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What do I do after the Common blight in my beans?

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What do I do after the Common blight in my beans?

Post  Roseinarosecity on 8/14/2012, 7:06 pm

This is the first year I planted bush beans after I harvested my onions in my 4 x 4 SFG bed. Three quarters of them died of common blight. It started with what appeared as water soaked spots on the leaves, then wilting, and eventually drying up. The variety I planted were Contender and Cherokee Wax. I am going to pull them out and dump them in the trash. Is there anything I could do to "fix" the bed? I want to continue planting for Fall. I was watering with a wand because my irrigation system will be installed next year. In another bed the same varieties are doing fine.

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Re: What do I do after the Common blight in my beans?

Post  Roseinarosecity on 8/15/2012, 3:52 pm

I contacted the Master Gardener Program via their website to ask this same question. They responded as follows:

"Your beans do sound like they are infected with bean blight, a bacterial infection that is often carried in infected seeds and is transmitted by watering. I don't think the onions or squash are the problem, but the seeds themselves, and the watering and touching the infected plants spread the disease. It's a real problem with many commercial bean crops, and has destroyed many commercial bean enterprises over the years. The best idea at this point is to pull out all the bean plants and throw them in the trash. Don't plant beans or legumes for the next 3 years or so in that planting bed. It needs to dry out as the bacteria eventually die in dry conditions."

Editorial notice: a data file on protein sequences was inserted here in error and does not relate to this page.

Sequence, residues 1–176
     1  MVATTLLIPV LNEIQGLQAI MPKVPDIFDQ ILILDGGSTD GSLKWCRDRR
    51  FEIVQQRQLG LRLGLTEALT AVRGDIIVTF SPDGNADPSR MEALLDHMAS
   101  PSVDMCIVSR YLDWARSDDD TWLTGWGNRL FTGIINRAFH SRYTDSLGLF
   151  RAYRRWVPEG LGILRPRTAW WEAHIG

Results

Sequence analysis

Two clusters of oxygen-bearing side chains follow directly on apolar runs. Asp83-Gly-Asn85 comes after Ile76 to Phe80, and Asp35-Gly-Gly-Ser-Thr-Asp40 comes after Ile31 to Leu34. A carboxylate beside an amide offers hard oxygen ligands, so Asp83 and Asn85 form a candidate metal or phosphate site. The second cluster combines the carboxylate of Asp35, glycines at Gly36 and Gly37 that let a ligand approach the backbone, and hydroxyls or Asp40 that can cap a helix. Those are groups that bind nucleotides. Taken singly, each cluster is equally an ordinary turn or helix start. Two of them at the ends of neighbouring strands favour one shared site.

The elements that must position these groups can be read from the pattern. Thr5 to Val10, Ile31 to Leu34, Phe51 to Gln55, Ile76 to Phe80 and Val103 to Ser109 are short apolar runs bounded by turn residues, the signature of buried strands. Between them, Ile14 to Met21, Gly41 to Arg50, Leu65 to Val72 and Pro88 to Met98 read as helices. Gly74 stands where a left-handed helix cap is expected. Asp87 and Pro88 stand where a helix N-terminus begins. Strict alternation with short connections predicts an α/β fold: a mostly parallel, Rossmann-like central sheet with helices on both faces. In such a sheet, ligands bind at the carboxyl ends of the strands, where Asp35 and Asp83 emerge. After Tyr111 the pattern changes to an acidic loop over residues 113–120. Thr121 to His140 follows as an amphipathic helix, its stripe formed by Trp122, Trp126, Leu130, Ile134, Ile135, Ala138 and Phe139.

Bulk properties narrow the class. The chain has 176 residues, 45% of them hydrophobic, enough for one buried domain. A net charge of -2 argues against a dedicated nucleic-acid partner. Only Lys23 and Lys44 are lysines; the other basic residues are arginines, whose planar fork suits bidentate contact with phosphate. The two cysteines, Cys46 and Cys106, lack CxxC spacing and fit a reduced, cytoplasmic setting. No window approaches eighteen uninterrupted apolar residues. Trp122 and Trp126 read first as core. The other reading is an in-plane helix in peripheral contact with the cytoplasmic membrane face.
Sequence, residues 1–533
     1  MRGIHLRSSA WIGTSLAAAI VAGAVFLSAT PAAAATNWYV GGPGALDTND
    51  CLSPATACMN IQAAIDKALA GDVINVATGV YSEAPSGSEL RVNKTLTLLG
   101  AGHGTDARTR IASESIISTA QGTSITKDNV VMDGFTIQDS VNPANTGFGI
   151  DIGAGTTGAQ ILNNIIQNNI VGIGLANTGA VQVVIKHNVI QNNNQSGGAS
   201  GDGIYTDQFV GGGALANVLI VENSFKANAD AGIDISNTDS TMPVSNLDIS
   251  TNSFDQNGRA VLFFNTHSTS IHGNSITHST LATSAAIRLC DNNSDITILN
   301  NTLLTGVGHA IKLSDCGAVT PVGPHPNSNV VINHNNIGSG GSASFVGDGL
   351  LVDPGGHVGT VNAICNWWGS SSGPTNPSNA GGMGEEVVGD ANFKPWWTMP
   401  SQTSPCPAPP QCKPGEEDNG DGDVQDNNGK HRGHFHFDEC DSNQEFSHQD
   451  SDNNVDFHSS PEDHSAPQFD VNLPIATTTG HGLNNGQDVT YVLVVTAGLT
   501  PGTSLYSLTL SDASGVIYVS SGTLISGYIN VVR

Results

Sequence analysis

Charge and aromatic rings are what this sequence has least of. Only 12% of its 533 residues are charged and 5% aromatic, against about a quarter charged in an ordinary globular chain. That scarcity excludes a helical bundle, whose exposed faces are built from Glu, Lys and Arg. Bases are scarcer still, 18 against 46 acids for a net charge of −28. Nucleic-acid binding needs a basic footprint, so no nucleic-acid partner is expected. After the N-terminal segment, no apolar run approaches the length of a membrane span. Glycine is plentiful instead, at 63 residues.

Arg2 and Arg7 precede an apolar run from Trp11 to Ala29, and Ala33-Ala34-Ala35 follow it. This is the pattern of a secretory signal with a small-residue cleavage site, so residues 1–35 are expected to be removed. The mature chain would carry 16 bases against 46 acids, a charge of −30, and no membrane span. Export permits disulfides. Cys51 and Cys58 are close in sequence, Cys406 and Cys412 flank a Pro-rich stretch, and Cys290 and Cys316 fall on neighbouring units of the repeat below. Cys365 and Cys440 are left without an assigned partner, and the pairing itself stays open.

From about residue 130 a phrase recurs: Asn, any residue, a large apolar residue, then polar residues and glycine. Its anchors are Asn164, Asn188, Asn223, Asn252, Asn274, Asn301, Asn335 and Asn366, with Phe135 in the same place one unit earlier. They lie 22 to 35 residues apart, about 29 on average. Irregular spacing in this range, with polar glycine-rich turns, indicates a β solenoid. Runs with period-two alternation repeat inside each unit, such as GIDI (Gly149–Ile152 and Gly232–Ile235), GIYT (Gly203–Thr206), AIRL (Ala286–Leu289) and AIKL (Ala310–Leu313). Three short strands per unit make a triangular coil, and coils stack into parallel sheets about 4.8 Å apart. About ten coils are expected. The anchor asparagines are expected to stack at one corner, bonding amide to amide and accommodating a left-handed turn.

So I'm ok not planting legumes in that area. The drying the bed out part, I will have to wait since I have tomatoes still growing in that bed. Has anyone ever dried out their Mel's Mix to get rid of bacteria blight?

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Re: What do I do after the Common blight in my beans?

Post  CapeCoddess on 8/15/2012, 5:21 pm

I know nothing about any of this being new, but does the MG mean that you wouldn't plant anything in that bed, or just legumes & beans?

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Re: What do I do after the Common blight in my beans?

Post  Roseinarosecity on 8/15/2012, 11:42 pm

The MG advises not to plant any legumes for 3 years. It's too bad because I wanted to replenish my beds with the nitrogen fixers. I'm glad it was the seeds that were carrying the disease not the soil. I'm still wondering about drying out the Mel's Mix because it's a shame to leave these squares empty, and because my tomatoes are in one side of the edge in a trellis.

How long will it take to dry out Mel's Mix? I don't know, but if it will kill the bacteria that was imported by the seeds, I guess I better do it.

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Re: What do I do after the Common blight in my beans?

Post  cheyannarach on 8/16/2012, 9:32 am

Have you ever heard of solarization? People do it to kill weeds but it might work to help dry your beds out quicker. I have never done it but if you check into it it may be worth a shot, and you being in such a warm area could probably do it now effectively.
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Re: What do I do after the Common blight in my beans?

Post  Roseinarosecity on 8/16/2012, 5:44 pm

Yes, Cheyannarach, I have used solarization in the past to kill weeds in another area not being used for growing vegetables. The soil doesn't get hot enough to actually kill soilborne diseases. And it takes 4 - 6 weeks. In this 100 degree weather we are having in Pasadena, CA I think drying out the soil will be faster. I'll be using a water probe meter to know when the soil is dry.
Thanks.

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